“Most of the shadows of this life are caused by standing in one’s own sunshine.”
– Ralph Waldo Emerson
I’ve been pondering this question for a while now, as this topic comes up often with my clients who struggle with negative senses of self. From the outside, it seems like they have it all, success, education, a powerful career. But internally, they struggle with a sense of inadequacy and unworthiness. Many of these individuals’ upbringings were marked by a childhood of emotional or physical abuse – parents telling them that they were bad, teachers making them feel like they weren’t smart enough, or a history of being bullied because of how they looked or acted. These experiences lead to an internalized doubt about a person’s basic human worth and a desire to look outside for fulfillment, only to be disappointed because the truth is… it can only be found once you love yourself.
But all is not lost. Through good, meaningful therapy I’ve witnessed the profound effects of healing one’s sense of worth and cultivation of self-love.
What does is mean to love yourself?
I like to define self-love as an ongoing state of acceptance and respect for who you are. It’s kindness and gentleness starting from your inner dialogue, to actions that support your physical, psychological, and spiritual growth. Self-love is being alert to your own needs and committing to your wellbeing.
Can you love others if you don’t love yourself?
My research on this topic has found an emotional case for each side. Conclusions I can draw from my work as a psychotherapist is that a healthy self-love and acceptance increases the depth of love that you can hold for another. When you allow your most vulnerable self to be deeply seen and known, when you come to fully embrace yourself, your emotional bond deepens.
As humans, we have parts of self that we feel are “unacceptable” qualities – the qualities in which we hide and feel shameful of. When you’re able to accept these parts of yourself and share them with the beloved, it often prompts them to respond in a heightened willingness to self-disclose. This is a deeper love- I know all the parts of you, even the “negative” parts, but I still love and accept you.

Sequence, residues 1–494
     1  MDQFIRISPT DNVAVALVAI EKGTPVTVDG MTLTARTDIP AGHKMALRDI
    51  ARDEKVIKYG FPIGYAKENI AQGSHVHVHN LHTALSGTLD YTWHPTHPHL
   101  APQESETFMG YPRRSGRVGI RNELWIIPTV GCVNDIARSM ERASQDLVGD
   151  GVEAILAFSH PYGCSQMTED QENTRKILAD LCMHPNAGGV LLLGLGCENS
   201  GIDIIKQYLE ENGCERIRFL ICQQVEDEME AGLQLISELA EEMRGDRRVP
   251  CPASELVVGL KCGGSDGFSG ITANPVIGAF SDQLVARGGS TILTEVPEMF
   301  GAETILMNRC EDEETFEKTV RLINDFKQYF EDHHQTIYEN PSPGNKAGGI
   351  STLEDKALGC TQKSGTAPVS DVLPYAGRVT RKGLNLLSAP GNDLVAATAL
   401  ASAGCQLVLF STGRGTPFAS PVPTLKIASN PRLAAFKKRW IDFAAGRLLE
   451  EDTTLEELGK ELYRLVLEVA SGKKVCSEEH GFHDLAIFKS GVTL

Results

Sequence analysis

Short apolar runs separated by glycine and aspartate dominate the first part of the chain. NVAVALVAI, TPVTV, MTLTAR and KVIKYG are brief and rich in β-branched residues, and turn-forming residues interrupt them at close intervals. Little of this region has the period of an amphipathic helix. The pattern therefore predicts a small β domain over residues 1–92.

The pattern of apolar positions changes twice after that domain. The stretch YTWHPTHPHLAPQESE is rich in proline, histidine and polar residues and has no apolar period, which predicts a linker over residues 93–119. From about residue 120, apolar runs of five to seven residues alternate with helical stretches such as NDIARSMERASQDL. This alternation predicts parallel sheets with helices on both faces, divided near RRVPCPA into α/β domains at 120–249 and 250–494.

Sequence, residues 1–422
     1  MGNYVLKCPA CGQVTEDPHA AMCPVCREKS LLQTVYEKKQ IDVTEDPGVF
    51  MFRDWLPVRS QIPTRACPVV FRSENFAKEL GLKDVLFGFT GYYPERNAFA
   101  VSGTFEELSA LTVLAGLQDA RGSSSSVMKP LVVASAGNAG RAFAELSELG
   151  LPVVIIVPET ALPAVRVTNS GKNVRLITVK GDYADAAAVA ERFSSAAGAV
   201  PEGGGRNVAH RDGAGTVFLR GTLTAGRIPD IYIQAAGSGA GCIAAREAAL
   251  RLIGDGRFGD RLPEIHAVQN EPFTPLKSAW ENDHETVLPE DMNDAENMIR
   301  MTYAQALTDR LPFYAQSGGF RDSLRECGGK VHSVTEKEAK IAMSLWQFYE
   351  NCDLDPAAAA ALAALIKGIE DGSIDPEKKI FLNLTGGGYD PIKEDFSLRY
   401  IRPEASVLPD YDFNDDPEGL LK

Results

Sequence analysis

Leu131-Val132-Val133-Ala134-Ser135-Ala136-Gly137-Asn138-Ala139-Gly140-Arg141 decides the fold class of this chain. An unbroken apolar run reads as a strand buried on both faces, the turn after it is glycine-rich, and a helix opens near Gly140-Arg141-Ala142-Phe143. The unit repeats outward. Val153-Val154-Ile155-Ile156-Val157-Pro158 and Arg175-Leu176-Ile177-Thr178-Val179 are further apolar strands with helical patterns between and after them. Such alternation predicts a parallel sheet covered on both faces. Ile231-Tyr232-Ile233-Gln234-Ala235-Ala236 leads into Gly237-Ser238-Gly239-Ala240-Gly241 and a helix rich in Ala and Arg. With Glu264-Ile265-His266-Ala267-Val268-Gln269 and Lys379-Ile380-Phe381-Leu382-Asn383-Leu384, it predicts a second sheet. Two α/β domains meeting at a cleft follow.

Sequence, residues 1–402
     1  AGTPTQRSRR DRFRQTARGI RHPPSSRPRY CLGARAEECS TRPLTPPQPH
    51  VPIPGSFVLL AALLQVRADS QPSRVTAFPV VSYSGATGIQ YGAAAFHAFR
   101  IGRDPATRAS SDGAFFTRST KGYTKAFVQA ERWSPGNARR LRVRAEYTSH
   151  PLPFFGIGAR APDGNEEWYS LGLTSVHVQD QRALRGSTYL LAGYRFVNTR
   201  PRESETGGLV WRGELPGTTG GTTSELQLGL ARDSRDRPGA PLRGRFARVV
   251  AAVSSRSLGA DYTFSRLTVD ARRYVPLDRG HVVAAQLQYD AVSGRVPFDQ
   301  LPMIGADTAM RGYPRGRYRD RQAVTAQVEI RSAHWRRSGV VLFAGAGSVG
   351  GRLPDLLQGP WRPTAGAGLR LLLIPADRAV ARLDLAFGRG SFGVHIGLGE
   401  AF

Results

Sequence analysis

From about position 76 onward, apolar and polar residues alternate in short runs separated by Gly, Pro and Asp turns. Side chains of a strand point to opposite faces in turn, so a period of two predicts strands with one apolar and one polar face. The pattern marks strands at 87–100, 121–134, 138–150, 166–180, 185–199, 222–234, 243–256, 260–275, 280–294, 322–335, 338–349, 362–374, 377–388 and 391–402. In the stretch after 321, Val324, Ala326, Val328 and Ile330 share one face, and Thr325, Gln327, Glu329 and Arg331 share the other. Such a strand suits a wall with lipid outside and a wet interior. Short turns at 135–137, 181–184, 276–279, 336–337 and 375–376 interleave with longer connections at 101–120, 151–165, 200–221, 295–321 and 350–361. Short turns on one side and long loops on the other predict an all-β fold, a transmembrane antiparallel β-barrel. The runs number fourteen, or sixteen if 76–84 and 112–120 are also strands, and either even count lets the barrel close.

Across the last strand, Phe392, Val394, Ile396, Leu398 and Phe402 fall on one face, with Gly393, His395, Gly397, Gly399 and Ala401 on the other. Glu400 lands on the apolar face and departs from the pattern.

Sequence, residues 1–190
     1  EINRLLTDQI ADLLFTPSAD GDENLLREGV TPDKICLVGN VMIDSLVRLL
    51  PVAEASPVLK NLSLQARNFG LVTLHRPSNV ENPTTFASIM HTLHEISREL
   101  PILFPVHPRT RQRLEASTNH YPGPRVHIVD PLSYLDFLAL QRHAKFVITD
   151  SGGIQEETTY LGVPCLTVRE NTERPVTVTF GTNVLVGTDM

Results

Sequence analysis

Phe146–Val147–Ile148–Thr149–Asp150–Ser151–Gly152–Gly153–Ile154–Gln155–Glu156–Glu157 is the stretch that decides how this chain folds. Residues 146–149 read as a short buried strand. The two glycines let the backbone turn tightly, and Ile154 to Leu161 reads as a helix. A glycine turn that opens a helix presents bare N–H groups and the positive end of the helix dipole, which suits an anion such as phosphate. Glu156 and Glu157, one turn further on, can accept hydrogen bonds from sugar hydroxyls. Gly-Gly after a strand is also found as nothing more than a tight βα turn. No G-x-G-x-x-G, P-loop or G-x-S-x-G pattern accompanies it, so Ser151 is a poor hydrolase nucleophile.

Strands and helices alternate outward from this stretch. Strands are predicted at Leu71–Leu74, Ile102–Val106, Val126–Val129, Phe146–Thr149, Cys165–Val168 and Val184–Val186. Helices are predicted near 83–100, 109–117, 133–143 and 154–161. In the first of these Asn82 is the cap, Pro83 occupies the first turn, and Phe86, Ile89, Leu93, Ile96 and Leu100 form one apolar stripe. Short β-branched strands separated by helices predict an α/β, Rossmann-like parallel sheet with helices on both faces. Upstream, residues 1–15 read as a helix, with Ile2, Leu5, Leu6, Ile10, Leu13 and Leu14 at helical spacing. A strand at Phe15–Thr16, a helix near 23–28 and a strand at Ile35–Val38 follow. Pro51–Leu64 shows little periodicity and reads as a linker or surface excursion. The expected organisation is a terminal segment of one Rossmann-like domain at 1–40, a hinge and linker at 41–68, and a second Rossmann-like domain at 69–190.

Perhaps you can love others if you don’t love yourself. I have seen many people who care deeply for others yet face the impossibility of extending this kindness towards themselves. The better question may be: Can you ever be happy without figuring out how to love yourself? Having regard for yourself and your wellbeing is necessary for an inner state of contentment and being happy with life in general.
No matter how gratifying the relationship can feel, it will not change the fact that happiness is contingent on you being happy with yourself.
The healing process is something that can only happen within, no one can do it for us. No matter how difficult or traumatic your childhood was, or how painful your adult experience was – it is always possible to heal and learn to love yourself.
–Anahita Kashefi, M.S. is a Los Angeles-based Associate Marriage and Family Therapist who specializes in relationship and couple’s issues.